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In the legends derived from the chansons de geste Bayard was a magic bay horse, reknowned for his spirit, and who possessed the supernatural ability to adjust his size to his rider. "Bayard" is the French form; in Italian he is known as Baiardo.

Bayard first appears as the property of Renaud, also known as Orlando, in the twelfth century Chanson de Renaud de Montauban. In the poem, Charlemagne is angered at Renaud, and orders him to be banished, and the horse to be slain by being cast into a river with a millstone around its neck. Bayard survives the ordeal, and after other adventures is reunited with Renaud. Bayard also appears in the epic poems on chivalrous subjects by Ludovico Ariosto and Torquato Tasso.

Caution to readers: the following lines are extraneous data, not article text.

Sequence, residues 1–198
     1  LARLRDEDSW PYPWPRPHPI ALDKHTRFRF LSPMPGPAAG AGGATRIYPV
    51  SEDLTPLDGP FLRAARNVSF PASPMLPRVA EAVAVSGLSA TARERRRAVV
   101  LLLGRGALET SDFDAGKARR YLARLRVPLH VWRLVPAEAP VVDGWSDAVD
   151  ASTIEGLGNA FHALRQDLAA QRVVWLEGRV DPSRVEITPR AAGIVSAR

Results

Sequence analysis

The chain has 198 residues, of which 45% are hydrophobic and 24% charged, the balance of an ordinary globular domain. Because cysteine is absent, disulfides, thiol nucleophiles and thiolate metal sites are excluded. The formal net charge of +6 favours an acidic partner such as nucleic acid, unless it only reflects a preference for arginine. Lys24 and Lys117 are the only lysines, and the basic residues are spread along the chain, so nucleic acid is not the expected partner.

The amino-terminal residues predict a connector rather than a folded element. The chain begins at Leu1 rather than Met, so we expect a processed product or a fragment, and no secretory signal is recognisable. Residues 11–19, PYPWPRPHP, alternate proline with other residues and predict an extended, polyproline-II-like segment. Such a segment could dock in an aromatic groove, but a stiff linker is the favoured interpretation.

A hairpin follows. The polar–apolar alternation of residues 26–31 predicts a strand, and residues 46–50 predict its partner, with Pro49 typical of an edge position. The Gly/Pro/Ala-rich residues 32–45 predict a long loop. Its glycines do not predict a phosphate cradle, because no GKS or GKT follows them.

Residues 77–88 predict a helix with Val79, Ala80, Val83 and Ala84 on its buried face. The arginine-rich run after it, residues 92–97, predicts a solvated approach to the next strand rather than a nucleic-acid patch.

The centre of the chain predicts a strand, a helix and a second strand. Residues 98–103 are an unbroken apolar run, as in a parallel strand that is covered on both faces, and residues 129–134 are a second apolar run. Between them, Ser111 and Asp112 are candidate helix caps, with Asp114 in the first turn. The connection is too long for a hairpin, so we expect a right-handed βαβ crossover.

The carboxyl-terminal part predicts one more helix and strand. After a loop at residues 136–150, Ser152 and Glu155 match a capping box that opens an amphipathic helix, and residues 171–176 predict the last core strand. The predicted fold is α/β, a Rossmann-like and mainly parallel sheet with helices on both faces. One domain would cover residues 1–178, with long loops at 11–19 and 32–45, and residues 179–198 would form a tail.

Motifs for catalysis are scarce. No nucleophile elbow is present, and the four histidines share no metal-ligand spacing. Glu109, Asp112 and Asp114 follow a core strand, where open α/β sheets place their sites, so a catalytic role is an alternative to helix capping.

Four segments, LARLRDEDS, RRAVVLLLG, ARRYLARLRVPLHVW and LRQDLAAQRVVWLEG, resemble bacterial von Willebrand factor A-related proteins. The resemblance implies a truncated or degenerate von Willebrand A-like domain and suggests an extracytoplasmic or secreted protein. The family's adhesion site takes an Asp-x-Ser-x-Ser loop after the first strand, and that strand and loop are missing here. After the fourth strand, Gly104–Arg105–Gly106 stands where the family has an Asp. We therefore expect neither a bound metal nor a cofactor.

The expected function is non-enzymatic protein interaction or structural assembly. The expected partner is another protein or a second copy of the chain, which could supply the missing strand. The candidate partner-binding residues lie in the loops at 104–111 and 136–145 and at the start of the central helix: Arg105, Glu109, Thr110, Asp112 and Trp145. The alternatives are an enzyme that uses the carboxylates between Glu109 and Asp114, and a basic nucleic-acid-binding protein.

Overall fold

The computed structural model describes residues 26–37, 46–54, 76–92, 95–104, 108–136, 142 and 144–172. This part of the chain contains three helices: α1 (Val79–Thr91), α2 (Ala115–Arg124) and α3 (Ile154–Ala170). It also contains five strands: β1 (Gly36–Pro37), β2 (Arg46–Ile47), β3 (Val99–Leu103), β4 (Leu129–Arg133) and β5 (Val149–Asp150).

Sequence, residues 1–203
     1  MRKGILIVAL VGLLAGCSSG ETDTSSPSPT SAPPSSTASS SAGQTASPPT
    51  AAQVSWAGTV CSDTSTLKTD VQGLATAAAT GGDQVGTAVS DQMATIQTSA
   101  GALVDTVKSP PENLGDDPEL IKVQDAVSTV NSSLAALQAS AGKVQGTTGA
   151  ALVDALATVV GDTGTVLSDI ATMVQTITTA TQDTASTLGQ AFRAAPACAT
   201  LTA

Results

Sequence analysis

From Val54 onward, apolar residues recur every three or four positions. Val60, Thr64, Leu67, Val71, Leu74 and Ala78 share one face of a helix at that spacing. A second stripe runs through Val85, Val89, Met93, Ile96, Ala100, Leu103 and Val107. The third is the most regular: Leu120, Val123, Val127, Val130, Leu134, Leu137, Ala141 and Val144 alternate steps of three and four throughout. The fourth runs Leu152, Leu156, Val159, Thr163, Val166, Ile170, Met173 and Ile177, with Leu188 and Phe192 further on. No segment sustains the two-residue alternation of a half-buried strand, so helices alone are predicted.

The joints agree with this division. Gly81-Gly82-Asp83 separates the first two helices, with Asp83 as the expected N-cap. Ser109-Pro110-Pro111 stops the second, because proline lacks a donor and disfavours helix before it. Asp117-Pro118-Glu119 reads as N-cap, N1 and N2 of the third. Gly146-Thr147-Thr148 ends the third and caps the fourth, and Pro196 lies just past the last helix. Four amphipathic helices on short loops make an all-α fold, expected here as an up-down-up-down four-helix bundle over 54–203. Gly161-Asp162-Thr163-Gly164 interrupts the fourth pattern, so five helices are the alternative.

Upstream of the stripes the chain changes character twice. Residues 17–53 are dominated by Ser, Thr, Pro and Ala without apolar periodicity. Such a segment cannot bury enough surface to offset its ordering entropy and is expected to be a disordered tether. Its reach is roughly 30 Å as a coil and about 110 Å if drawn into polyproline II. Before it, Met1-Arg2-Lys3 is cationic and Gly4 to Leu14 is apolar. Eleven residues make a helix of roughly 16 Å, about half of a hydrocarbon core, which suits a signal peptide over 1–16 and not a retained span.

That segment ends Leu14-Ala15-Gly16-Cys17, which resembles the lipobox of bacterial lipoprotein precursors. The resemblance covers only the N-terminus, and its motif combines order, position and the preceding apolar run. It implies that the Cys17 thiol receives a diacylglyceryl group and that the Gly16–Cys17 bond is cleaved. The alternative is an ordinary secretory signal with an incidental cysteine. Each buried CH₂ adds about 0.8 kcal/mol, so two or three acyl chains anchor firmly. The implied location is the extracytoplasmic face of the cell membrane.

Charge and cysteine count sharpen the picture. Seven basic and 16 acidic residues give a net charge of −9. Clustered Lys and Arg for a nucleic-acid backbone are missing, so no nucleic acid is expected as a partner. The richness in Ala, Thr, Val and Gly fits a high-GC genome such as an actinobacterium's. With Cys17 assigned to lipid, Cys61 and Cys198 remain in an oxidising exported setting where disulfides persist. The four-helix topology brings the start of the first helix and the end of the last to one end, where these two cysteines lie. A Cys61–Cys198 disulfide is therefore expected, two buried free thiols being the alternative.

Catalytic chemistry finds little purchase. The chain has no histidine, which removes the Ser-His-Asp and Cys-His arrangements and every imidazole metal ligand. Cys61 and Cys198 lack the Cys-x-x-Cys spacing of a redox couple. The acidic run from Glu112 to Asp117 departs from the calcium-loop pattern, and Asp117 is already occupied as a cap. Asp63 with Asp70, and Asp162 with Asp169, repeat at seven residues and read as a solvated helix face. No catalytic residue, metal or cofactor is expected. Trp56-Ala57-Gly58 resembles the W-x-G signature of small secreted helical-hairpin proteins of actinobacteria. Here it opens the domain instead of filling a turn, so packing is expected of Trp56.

Outside the city of Dinant in Belgium stands the "Bayard rock", a large cleft rock formation that was said to have been split by Bayard's mighty hooves.